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Convert to Judaism
Temple Beth El is committed to welcoming all who seek to be part of our community – those who began their Jewish journeys at birth, and those who have become part of our people along the way. We seek to help all members of our congregation, fully Jewish families as well as interfaith families, to build Jewish homes and to celebrate the beauty of Jewish life. Temple Beth El offers a wide array of programs, workshops, and classes to help those who are not Jewish, those who may be new to Judaism, and those who feel disconnected to their Jewish heritage to feel more integrated into the congregation and community. As always, the rabbis invite you to meet with them personally for counsel and advice in pursuing your own spiritual quest. If you have any questions, you can contact us here.
Conversion

At Temple Beth El, we feel that it is a privilege to work with individuals who are interested in becoming Jews-by-choice. Through the years, we have developed a program to welcome individuals interested in learning about Judaism and to celebrate a formal integration into the community and a formal commitment to the covenant of Israel.

Taste of Judaism®

A beautiful, new 4,000 square foot Kehillah (Community) Center will provide a gathering place for family activities, adult education, Shabbat services, and more. The adjacent catering kitchen offers an opportunity to rent the Kehillah Center, providing a spacious, new party and event room in West Boca. Learn about catering options; to inquire about renting the space, call 561-391-8900.

Introduction to Judaism

Study is one of the most important parts of the conversion process (called gerut). Therefore, Temple Beth El is pleased to offer an 18-week course taught by the clergy and other experts in the community. The course of study covers topics such as holidays, customs, life-cycle events, values, theology, prayers and rituals, Jewish texts, history, and Hebrew. There is an expectation that one will complete readings and reflections in advance of each session. At the end of the course, there will be a comprehensive short-answer review given to those individuals who are pursuing conversion.

Introduction to Judaism is open to Jews and non-Jews alike. Often, a Jewish partner, friend, or family member will choose to accompany the prospective convert to the classes. This class is also useful for non-Jews who do not intend to convert but are interested in learning more about Judaism or for people born and raised as Jews but who feel as though they never received a solid Jewish education. All are welcome.

Rabbi Dan Levin reads from the Torah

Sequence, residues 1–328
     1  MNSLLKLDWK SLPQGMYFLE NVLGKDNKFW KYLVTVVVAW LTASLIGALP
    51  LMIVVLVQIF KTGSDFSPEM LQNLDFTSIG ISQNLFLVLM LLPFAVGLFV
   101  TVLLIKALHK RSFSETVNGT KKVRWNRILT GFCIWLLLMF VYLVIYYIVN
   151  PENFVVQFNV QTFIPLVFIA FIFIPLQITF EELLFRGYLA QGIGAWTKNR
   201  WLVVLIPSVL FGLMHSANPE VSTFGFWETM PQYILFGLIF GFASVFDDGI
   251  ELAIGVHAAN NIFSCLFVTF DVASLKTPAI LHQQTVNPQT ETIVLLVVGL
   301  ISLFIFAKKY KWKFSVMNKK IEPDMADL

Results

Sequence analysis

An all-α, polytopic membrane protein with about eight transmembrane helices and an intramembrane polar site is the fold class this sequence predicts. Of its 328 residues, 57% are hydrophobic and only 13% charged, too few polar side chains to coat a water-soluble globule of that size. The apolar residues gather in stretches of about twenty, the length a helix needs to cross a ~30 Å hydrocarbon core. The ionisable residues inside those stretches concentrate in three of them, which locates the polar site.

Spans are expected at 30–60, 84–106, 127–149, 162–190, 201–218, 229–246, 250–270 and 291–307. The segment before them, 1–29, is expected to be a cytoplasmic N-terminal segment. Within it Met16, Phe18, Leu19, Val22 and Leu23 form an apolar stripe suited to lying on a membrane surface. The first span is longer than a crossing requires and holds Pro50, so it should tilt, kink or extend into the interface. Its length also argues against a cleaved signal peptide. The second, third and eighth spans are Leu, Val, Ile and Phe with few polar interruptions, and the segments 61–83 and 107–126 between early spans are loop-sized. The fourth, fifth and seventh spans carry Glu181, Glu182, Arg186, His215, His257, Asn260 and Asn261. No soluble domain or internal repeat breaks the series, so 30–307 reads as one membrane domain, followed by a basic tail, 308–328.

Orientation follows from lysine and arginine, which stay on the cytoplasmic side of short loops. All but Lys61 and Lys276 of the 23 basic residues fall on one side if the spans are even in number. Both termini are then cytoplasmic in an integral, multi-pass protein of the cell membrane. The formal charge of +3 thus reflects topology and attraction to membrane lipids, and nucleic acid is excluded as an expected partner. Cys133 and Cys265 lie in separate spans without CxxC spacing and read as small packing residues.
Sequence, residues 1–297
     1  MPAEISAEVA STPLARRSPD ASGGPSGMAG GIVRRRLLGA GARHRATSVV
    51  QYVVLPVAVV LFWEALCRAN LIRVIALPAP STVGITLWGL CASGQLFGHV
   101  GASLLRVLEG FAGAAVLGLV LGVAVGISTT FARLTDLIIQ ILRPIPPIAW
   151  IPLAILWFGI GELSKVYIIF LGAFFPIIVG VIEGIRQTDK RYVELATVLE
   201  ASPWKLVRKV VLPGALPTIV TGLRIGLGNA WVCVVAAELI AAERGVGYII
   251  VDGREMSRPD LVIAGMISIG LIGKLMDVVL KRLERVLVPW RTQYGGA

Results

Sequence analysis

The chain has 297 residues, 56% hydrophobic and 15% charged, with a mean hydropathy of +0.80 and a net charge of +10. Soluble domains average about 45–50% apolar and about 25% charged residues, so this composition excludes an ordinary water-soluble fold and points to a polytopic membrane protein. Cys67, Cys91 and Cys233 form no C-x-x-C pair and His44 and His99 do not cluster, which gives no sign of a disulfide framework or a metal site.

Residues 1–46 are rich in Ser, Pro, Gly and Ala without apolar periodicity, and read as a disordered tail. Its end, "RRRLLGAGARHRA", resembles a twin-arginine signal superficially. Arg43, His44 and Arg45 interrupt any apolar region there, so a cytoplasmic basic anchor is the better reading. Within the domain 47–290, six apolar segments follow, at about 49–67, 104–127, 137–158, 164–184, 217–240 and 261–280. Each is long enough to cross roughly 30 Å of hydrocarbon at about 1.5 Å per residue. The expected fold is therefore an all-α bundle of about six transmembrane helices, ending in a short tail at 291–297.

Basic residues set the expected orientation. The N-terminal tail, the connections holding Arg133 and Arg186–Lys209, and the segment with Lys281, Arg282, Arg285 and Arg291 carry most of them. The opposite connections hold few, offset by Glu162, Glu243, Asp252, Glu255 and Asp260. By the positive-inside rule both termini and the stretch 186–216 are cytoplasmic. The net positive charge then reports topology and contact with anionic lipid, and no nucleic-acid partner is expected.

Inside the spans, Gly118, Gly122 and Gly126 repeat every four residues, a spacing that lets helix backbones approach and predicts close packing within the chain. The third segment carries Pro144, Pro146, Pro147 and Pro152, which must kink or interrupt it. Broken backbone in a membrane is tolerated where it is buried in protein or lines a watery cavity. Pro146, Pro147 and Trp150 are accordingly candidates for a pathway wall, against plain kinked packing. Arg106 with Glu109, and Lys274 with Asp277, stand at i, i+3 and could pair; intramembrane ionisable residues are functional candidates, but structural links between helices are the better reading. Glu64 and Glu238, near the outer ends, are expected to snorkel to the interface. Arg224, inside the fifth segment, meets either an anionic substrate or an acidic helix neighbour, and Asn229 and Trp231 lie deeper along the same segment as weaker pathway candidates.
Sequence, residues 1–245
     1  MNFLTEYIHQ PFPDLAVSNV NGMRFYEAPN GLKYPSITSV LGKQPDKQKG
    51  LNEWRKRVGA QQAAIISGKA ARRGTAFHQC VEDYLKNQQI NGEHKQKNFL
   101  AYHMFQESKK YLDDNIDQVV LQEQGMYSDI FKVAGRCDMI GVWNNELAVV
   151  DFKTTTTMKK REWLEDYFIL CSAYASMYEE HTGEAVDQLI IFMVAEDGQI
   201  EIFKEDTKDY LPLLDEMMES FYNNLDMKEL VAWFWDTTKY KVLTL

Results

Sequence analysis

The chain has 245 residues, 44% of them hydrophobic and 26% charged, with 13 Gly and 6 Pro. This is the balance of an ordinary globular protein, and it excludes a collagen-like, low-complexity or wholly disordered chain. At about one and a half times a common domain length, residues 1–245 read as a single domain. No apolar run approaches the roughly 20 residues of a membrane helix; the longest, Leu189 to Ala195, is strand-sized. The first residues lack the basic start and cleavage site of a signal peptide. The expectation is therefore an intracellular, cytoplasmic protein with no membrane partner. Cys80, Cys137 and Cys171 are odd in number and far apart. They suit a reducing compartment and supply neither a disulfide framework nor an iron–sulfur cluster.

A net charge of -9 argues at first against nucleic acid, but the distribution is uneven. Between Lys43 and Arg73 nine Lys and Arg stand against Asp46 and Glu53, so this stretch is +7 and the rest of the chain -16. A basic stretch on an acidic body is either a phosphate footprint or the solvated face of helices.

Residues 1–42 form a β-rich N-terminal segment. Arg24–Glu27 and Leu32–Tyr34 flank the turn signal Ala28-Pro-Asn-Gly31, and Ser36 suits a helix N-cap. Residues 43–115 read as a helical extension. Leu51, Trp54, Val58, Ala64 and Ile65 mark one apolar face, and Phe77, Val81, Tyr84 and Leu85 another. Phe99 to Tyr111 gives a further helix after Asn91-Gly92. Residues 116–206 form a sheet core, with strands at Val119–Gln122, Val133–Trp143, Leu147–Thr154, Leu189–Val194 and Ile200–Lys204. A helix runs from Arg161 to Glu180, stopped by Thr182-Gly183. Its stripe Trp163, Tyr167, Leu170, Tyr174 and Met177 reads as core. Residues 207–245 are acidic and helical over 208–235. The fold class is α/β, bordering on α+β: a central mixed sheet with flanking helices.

Study with the Rabbi

Those who choose to convert will have regular meetings with one of Temple Beth El’s rabbis to discuss issues raised in class as well as personal thoughts and challenges one may experience during the process. Issues sometimes include understanding particular concepts, dealing with one’s family of origin, and feelings a person might have during holidays such as Christmas and Easter.

Jewish Experiences

A person who is interested in converting to Judaism is expected and encouraged to participate in Jewish rituals. One is encouraged to light Shabbat candles, come to Shabbat and festival services, and celebrate Jewish holidays in the community and the home. At Temple Beth El, we embrace individuals who want to learn more about our community and welcome them at our temple events.
How long will it take?

This question cannot be answered in the same way for everyone. Conversion is a very personal process and nobody can say how long it should take or how long it will take. Conversion will happen once a person feels that he or she is ready to take on the commitments of becoming a Jew, and to enter the covenant between God and the people Israel. The appropriate time to celebrate the culmination of that process is determined in consultation with the rabbis.

Conversion Rituals
Adoption

When a Jewish family adopts a child, they may choose to have the child undergo a ritual immersion and if the child is a boy, a circumcision as well. The reason for this being that the child’s mother may not have been Jewish. It is also possible that the birth parents’ religious backgrounds are unknown. This is often followed by a moving ceremony that expresses the families’ joy and gratitude after having brought a new member into their family.

Continued Growth

Individuals who convert to Judaism are encouraged to continue studying and learning. Temple Beth El offers many adult-learning opportunities that may be of interest to someone interested in pursuing more Jewish knowledge.

For more information, contact the Clergy office at 561-391-8900.

Temple Beth El is also happy to match newer converts with those who are have been Jews-by-Choice for many years. Through this mentoring program, individuals have the chance to discuss their shared experiences, ask questions, and reflect on their personal development.